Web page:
Two of Prof. Halpé’s proposals to the educational authorities that were accepted at the time they were made have had a lasting educational impact and will continue to have an impact on our educational system long after Prof. Halpé is gone from the scene. These are his successful advocacy for the inclusion of English among Sinhala, Pali, Sanskrit and related ‘endangered subjects’ in a special category within the universities’ humanities curriculum and his contribution to the strengthening of the teaching of English in Sri Lankan schools. The need for the protection of these subjects in the humanities arose due to the greater emphasis placed by students and parents on degree programmes in science and technology in their understandable, if myopic, quest for a job-oriented education. The future for the humanities thus appeared bleak and hopeless with the numbers of those opting for the humanities which had been in decline dropping alarmingly in the 1970s. It was Prof. Halpé who gave leadership to those members of the university community who saw the need for urgent preventive strategies to arrest this dangerous and unfortunate trend in the sphere of higher education. The continued study of these subjects was safeguarded and further strengthened by the creation of a special category of admissions. Those who had passed in these subjects while passing the exam as a whole but had not obtained high enough aggregates to secure places in the open competition were given ‘special admission’ provided they committed themselves to continuing study of one of these ‘endangered subjects’ right through their studies for the degree. This enabled a large number to obtain degrees in or with English. His specific proposal to reinforce English teaching in schools had to do with his recommendation to enable school-level teachers of English with three passes (inclusive of English) at the General Arts Qualifying (External) Examination to enroll in the degree programmes in English at Peradeniya as internal students. Additionally, despite what I have perceived to be his traditionalism, Prof. Halpé encouraged his juniors to branch out in new directions. He thus left the door open for new post-colonial and post-modernist breezes to blow through the Department of English though perhaps not entirely convinced of the usefulness of some of these breezes!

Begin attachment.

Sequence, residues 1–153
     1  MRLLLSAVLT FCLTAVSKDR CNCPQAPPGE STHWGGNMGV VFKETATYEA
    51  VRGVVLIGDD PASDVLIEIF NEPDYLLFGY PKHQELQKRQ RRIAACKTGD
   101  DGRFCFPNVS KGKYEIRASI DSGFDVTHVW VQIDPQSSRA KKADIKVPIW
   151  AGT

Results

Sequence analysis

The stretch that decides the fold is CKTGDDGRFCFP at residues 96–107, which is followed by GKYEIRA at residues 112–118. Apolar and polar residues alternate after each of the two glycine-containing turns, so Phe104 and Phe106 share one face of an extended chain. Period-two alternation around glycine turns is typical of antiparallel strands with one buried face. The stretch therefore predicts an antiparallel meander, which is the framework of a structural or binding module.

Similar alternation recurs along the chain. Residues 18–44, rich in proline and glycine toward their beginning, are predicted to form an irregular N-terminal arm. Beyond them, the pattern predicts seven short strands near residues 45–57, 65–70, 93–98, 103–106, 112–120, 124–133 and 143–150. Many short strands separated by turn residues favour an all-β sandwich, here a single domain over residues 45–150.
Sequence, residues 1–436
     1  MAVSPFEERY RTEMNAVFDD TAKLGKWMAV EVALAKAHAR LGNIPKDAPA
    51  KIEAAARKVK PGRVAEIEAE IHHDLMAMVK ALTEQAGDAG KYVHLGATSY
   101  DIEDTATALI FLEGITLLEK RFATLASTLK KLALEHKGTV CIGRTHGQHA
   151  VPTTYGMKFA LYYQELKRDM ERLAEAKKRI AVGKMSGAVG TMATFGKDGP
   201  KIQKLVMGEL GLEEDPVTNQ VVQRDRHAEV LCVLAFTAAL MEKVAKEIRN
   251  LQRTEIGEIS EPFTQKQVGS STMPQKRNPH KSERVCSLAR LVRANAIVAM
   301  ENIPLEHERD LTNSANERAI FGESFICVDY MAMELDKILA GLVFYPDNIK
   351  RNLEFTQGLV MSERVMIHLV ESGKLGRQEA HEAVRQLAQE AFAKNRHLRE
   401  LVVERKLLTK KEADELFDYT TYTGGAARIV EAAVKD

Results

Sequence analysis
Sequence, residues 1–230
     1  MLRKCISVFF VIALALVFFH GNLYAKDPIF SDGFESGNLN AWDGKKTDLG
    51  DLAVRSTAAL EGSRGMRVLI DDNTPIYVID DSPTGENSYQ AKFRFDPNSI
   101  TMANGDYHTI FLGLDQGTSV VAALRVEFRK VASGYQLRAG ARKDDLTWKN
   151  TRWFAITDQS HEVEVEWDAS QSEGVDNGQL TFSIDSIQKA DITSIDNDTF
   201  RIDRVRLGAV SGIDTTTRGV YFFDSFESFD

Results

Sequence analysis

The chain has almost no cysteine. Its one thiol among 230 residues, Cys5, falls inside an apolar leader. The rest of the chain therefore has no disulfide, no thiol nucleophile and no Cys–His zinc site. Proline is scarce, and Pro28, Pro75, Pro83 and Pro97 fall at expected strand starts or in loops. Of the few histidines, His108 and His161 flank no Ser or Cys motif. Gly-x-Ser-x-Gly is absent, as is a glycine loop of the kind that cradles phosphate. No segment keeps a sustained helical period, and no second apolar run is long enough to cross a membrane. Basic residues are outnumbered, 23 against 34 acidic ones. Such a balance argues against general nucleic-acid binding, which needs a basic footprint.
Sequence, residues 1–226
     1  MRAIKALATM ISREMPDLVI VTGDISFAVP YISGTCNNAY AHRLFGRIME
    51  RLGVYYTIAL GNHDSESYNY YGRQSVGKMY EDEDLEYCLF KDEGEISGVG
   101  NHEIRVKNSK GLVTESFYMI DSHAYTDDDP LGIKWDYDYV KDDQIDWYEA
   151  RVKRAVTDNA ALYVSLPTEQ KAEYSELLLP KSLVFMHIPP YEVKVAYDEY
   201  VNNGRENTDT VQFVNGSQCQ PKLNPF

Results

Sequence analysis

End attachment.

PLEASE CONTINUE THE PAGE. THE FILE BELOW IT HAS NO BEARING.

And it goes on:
I wish to touch on certain personal recollections in conclusion. My freshman year at Peradeniya was suffused with boisterous antics as I revelled in ‘uncivilized fooling’ as most new entrants are wont to do. With the advantage of hindsight I am now aware that my early unruly behavior embarrassed Prof. Halpé as he happened to be the University Proctor at the time. Besides the frolic and madness, there were other encounters of a serious nature during my early Peradeniya days that brought me unexpectedly close to Prof. Halpé. One such occurred during the insurgency of April 1971 when I was unwittingly in the way of possible grave harm. Without realizing that all the student hostels except Hilda Obeysekera Hall had been declared out of bounds for all male undergraduates by the authorities, I was yet at Arunachalam Hall after the new emergency arrangements had been enforced. It is more than likely that l would have been a victim of the ‘shoot to kill’ orders in force given the fact that my physical appearance at the time, replete with long hair and flourishing beard, qualified me to be thought of as a ‘Che Guevarist’ student revolutionary by the uniformed men in charge of crushing the insurgency. I sought refuge at Prof. and Mrs. Halpé’s house and was promptly thereafter placed under house arrest at Lower Hantane, the Halpé residence! To keep me from landing in any further danger, with a little help from Fr. Augustine the Catholic Chaplain of the University, the Halpé’s introduced me to the blessed game of Bridge. It was only after the coast was quite clear that I was eventually allowed to leave. I later came to know that Prof. Halpé had taken even greater care of those undergraduates taken into custody under the hurriedly promulgated emergency regulations to deal with the insurgency. It must surely have taken much courage for him to pursue this course as most members of the university academic community were under suspicion and at the receiving end of the hostility of the defence forces personnel because there were dons who were either involved in the uprising or were among those who empathized with the political convictions of the youthful insurgents. Bearing books, sympathy and understanding, Prof. Halpé regularly visited the detained undergraduates. Later on, he was among the university authorities who assisted those of the detainees desirous of sitting their university examinations from prison.